Philippine Real Estate Law
RIGHT TO OWN PHILIPPINE PROPERTY:
* General Rule – Philippine real estate law states that only Filipino Citizens and corporations or partnerships at least 60% of the capital of which is owned by Filipinos are entitled to acquire land in the Philippines.
* As exception to the general rule, alien acquisition of real estate in the Philippines is allowed in the following cases:
a. Acquisition before the 1935 Constitution;
b. Acquisition thru hereditary succession. If foreign acquiree is a legal heir;
c. Purchase of not more than 40% interest in a condominium project;
d. Purchase by a former natural-born Filipino citizen subject to the limitations prescribed by Law (Batas Pambansa 185 and R.A. 8179)
* A Filipino who married an alien retains her Philippine citizenship (unless by her act or ommision, she is deed to have renounced her Philippine citizenship) and may therefore acquire property under the Philippine real estate law.
ACQUISITION BY FORMER NATURAL BORN FILIPINO CITIZEN
* Mode of acquision is not limited to voluntary deeds (such as sale or donation) but includes involuntary deeds (such as tax sale, foreclosure sale, or execution sale).
* Maximum area that may be allowed is as follows:
a. For residential purpose – 1,000 square meters of urban land or one (1) hectare of rural land (BP 185)
b. For business or other purpose – 5,000 square meters of urban land or three hectares of rural land. “Business or other purpose” refers to the use of the land primarily, directly and actually in the conduct of business or commercial activities in the broad areas of agriculture, industry and services, including the lease of land, but excluding the buying or selling thereof.”
* In case of married couple, one or both of them may avail of the privilege, provided that the total acquisition shall not exceed the maximum area allowed.
* A transferee of residential land under BP 185 may still avail of the privilege granted under RA 8179.
* A transferee who already owns urban or rural land for residential purpose, may acquire additional urban or rural land for residential purpose which, when added to that already owned by him shall not exceed the maximum area allowed by law.
The same priviledge applies to a transferee who already owns urban or rural land for business purposes.
* A transferee may not acquire more than two urban or two rural lands which should be located in different cities or municipalities.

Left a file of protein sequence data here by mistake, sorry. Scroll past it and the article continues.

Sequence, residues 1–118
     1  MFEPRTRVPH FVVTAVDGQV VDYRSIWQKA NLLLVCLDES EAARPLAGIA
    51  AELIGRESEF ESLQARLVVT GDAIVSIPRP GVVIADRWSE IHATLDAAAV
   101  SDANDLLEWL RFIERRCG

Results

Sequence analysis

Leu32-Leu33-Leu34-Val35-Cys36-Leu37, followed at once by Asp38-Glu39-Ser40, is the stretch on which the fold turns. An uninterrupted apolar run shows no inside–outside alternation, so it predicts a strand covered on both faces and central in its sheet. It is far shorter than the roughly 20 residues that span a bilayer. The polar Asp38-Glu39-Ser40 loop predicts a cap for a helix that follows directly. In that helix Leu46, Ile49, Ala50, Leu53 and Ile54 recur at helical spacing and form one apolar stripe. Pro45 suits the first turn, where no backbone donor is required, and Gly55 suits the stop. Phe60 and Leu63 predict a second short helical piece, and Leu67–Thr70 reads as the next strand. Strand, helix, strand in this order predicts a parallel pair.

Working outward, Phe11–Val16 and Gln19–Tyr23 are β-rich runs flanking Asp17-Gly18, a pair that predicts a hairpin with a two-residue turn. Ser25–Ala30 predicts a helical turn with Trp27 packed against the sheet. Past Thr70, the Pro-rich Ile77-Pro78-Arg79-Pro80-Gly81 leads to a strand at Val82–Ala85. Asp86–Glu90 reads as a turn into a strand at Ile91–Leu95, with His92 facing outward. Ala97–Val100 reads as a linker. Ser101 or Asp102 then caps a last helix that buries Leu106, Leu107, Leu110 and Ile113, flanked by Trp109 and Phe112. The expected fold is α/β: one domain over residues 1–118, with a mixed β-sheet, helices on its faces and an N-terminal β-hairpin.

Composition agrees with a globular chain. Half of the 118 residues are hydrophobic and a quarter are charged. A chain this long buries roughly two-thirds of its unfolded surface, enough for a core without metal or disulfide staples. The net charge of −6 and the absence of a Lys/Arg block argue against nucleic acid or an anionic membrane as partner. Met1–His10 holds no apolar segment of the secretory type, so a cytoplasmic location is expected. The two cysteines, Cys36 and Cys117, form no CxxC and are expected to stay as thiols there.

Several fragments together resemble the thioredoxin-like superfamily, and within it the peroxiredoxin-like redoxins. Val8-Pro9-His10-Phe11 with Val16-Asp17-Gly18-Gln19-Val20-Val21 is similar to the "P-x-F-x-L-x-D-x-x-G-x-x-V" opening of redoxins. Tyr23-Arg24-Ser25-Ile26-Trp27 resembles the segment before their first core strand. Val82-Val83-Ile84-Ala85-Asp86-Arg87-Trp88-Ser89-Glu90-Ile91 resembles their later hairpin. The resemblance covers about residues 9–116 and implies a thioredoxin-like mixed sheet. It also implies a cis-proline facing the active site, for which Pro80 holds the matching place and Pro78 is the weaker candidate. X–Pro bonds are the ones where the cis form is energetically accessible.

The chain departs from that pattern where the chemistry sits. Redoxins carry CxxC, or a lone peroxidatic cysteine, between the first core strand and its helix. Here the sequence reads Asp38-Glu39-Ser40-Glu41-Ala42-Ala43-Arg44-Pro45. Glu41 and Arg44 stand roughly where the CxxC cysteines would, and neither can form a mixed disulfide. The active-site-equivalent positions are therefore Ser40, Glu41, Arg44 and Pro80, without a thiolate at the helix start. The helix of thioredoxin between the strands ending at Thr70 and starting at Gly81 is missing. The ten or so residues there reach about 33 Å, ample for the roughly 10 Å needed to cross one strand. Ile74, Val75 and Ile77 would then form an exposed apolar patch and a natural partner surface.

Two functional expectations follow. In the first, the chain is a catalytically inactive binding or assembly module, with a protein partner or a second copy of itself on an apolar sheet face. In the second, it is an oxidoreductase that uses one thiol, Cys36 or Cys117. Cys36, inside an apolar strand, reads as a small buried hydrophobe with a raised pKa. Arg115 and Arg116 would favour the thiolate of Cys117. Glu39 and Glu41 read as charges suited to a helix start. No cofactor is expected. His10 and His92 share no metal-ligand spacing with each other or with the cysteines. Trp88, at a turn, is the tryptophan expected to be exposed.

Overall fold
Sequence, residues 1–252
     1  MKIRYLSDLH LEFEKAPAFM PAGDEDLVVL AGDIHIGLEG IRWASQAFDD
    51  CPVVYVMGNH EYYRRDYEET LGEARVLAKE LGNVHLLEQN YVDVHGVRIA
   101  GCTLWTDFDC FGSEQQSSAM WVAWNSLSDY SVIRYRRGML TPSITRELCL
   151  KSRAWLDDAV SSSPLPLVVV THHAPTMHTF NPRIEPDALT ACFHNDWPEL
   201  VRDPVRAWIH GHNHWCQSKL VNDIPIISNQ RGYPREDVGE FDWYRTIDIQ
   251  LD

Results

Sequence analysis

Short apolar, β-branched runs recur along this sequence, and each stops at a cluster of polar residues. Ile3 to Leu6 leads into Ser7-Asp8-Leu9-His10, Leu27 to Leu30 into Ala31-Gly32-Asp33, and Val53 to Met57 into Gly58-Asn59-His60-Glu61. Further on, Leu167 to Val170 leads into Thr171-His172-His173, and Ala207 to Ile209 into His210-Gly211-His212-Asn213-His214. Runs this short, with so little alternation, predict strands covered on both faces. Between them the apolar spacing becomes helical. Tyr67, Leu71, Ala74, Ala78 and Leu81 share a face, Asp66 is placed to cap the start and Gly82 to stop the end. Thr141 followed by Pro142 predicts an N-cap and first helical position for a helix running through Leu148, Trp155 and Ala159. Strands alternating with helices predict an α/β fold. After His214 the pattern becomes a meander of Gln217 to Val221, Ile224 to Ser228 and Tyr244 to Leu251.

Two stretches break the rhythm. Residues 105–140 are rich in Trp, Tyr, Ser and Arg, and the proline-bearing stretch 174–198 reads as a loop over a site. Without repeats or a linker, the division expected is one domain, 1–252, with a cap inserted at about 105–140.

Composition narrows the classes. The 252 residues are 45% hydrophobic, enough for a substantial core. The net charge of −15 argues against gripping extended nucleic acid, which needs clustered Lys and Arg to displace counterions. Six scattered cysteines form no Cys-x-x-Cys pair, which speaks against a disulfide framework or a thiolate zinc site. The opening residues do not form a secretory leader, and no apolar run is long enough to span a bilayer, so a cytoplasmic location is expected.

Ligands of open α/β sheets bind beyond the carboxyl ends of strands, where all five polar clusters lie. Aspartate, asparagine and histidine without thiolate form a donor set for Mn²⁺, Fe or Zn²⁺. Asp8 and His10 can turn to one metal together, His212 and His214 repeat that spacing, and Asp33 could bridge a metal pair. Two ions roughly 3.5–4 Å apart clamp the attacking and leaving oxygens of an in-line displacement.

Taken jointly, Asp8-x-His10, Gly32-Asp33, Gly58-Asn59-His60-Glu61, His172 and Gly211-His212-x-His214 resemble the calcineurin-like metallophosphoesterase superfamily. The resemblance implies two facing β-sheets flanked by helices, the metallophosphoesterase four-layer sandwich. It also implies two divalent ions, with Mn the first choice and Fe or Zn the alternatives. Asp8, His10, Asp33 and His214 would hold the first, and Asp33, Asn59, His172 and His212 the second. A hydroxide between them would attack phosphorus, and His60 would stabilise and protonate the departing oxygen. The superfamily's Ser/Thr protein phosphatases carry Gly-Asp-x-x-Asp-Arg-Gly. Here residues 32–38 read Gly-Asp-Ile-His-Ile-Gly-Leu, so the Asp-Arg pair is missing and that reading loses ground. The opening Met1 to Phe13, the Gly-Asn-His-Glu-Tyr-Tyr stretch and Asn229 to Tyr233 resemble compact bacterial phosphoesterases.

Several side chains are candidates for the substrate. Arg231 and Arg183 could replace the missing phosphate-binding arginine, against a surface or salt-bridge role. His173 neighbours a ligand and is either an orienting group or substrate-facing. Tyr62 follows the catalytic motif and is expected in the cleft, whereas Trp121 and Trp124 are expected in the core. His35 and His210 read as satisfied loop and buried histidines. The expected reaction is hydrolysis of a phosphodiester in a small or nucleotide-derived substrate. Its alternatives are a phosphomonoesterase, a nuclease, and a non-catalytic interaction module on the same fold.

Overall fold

* A transferee who has already acquired urban land for residential purpose shall be disqualified to acquire rural land for residential purpose and vice versa. The same Philippine real estate law applies to a transferee of land for business purpose.
SPECIAL VISAS FOR FOREIGNERS ALLOWING 100% CONDO & TOWNHOUSE OWNERSHIP:
* Special visas are available to foreigners that allow complete ownership and control of Philippine condo and townhouse units. Qualifications for this visa are as follows:
a. You must be at least 35 years old.
b. You should meet the bank deposit requirements which can be withdrawn at a later date for your investments.
* The processing fee and the amount of the deposit/investment needed depends on whether or not you are married to a Filipino or former Filipino. This allows you almost all of the investment privileges of a Filipino citizen. For specifics on the program, check out the Philippine Retirement Authority website.
NEW DUAL CITIZENSHIP LAWS ON PROPERTY OWNERSHIP:
* Dual citizenship is now newly available for the following. Dual citizenship means having two citizenships and passports from two different countries. Under the Philippine real estate law, they are former Philippine citizens born in the Philippines, but that have immigrated to another country and obtained citizenship of that country. Dual citizenship allows the citizenship holder full rights of possession of Philippine real estate property.
FOREIGNER MARRIED TO PHILIPPINE CITIZEN:
* If holding title as an individual, a typical situation would be that a foreigner married to a Philippine spouse citizen would hold title in the Philippine spouse’s name. The foreign spouse name cannot be on the property title but can be on the contract to buy the property, and should be to document the process taken to obtain such asset. In the event of death of the Philippine spouse, the foreign spouse is allowed a “reasonable” amount of time from the Philippine government to dispose of the property and collect the proceeds or the property will pass to any Philippine heirs and or relatives. As a foreign investor caution should be taken upon considering and taking title to Philippine real estate in this manner. In the event of problems with the Philippine spouse and the investment assets in the Philippine spouse name, the foreign national may not have many rights to the assets or any at all.
SALES AND TRANSACTION COSTS:
* Buyers transaction or closing costs under the Philippine real estate law include the following: Documentary Stamp Tax – P5.00 per P1,000 of contract price, or zonal value or fair market value, which ever is higher. Transfer Tax – P5.00 per P1,000 of contract price, or zonal value or fair market value, which ever is higher. Registration Fee – P1.50 per P1,000 of contract price, or zonal value or fair market value, which ever is higher. The seller is responsible for transaction closing cost of capital gains tax.